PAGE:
Graduation Year

2005

Document Type

Dissertation

Degree

Ph.D.

Degree Granting Department

Criminology

Major Professor

Richard Dembo, Ph.D.

Co-Major Professor

John K. Cochran, Ph.D.

Keywords

strain, psychopathy, delinquency, drug use, social control, delinquent peers, Psychopathy, Delinquency, Drug use, Social control, Delinquent peers

Abstract

General strain theory has received a fair amount of empirical support and theoretical elaboration over the past several years. Since the introduction of general strain theory, Agnew and others have attempted to increase the comprehensiveness of the processes involved in strain theory. Until recently, the general strain theory literature has ignored what Agnew and associates (Agnew, Brezina, Wright, & Cullen, 2002) argue may be one of the most important conditioning effects of the strain-crime relationship, namely the dispositions or personality traits of the individual experiencing strain. Recently, Agnew and associates (2002) published results from a study examining the conditioning effects of personality traits (i.e., negative emotionality and low constraint) on the strain-delinquency relationship. Their findings indicated that certain personality traits significantly condition the effect of strain on delinquency. Research has suggested that more severe personality

and behavioral traits, such as psychopathy, also influence criminality. The present study examined moderating effects of both personality dispositions and psychopathic behavioral features among a sample of 137 youths referred to juvenile diversion by the court system. The results suggest that personality dispositions and psychopathic behavioral features do not significantly moderate the strain-delinquency relationship. In addition, this study conducted ad hoc analyses examining whether or not delinquency significantly increases the likelihood that subsequent strain and delinquency will result (i.e., a state dependence explanation (see Nagin & Farrington, 1992; Nagin & Paternoster, 1991)). Moderating effects of personality and psychopathy were also included in this model. Further, the role of strain as a mediator for the personality and psychopathy link to delinquency was tested. The findings suggest that delinquency exacerbated subsequent strain and delinquency levels among thes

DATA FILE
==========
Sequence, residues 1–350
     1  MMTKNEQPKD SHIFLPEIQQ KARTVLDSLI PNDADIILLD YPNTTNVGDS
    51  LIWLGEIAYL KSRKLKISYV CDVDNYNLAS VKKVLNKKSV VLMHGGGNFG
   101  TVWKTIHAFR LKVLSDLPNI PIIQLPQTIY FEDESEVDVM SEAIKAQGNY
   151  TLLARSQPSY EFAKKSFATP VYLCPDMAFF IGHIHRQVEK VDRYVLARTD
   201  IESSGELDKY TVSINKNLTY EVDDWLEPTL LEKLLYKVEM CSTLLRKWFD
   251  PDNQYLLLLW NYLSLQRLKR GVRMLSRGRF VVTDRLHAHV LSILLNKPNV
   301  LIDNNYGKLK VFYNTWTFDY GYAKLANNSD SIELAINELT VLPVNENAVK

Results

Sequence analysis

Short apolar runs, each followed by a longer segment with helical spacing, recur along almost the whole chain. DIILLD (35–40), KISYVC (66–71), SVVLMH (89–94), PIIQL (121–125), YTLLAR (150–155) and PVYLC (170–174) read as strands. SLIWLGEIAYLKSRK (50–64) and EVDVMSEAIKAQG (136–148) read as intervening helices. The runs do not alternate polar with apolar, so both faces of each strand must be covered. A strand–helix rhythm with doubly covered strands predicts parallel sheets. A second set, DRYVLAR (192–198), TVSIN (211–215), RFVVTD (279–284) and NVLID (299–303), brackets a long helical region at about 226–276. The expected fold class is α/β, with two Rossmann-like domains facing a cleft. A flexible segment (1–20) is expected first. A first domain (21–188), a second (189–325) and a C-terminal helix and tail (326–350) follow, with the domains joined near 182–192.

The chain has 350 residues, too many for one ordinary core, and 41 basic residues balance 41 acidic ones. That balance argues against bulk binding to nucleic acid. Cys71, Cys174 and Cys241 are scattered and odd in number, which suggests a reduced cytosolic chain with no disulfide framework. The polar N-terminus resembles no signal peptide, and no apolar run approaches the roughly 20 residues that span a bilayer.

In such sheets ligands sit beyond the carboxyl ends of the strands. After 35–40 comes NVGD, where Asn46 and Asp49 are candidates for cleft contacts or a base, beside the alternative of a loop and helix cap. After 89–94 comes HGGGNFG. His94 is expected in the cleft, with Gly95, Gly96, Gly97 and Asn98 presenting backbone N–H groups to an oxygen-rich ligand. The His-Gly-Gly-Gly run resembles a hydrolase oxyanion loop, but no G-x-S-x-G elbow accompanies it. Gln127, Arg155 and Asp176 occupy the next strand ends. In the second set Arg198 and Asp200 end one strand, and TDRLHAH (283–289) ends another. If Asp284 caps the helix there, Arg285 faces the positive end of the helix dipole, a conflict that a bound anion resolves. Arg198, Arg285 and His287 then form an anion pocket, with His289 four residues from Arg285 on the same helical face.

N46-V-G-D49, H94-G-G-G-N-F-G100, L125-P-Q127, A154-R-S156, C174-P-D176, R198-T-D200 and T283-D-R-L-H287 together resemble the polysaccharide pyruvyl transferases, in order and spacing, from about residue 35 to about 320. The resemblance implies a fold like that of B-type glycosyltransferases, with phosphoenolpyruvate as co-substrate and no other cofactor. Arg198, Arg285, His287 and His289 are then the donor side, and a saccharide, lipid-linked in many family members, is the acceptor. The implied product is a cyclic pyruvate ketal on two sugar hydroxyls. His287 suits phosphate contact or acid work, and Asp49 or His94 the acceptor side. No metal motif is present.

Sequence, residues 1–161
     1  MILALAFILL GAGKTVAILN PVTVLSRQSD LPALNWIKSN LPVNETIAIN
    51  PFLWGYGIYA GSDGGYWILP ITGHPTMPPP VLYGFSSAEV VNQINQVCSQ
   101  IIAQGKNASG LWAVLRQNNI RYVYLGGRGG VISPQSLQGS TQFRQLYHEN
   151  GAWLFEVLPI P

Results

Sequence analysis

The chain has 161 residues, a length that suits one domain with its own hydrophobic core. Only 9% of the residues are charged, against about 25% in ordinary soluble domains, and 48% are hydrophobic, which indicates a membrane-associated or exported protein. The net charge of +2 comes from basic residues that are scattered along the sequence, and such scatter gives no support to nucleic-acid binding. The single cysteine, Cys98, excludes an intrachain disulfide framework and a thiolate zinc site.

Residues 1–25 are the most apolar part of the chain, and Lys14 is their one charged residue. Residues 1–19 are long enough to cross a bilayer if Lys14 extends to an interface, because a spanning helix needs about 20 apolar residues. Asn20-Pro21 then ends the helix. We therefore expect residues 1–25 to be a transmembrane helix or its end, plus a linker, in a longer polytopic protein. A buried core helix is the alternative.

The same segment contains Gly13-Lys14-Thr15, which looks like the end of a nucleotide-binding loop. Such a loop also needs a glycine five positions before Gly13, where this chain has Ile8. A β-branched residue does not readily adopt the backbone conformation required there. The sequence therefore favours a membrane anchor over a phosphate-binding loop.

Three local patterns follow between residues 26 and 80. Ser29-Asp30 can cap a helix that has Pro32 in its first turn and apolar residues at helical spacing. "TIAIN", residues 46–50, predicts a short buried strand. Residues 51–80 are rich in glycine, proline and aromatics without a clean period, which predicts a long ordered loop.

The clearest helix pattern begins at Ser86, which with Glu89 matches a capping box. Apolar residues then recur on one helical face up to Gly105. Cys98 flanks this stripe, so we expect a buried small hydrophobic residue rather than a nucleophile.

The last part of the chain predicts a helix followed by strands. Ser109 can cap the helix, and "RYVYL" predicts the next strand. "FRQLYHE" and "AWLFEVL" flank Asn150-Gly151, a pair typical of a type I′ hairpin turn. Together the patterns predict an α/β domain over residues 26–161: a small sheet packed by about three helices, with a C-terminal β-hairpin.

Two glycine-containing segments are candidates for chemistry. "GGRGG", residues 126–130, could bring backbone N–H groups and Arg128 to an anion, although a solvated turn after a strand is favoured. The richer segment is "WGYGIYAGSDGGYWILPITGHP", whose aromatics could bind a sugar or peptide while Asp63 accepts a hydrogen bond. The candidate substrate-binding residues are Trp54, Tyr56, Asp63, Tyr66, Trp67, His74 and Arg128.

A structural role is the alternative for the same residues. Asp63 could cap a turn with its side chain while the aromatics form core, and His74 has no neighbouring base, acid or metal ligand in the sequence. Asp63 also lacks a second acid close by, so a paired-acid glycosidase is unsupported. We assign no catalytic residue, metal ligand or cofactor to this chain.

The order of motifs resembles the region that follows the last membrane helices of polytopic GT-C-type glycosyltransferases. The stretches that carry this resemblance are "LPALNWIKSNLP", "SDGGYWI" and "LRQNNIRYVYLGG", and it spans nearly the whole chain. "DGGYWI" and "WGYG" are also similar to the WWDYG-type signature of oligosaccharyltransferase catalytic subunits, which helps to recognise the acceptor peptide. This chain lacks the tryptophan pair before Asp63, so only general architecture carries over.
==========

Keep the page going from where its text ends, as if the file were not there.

e youths. Personality and psychopathic features did not moderate the strain-delinquency relationship. Strain did not significantly moderate the personality-delinquency relationship. Limitations and implications for future research and policy are discussed.

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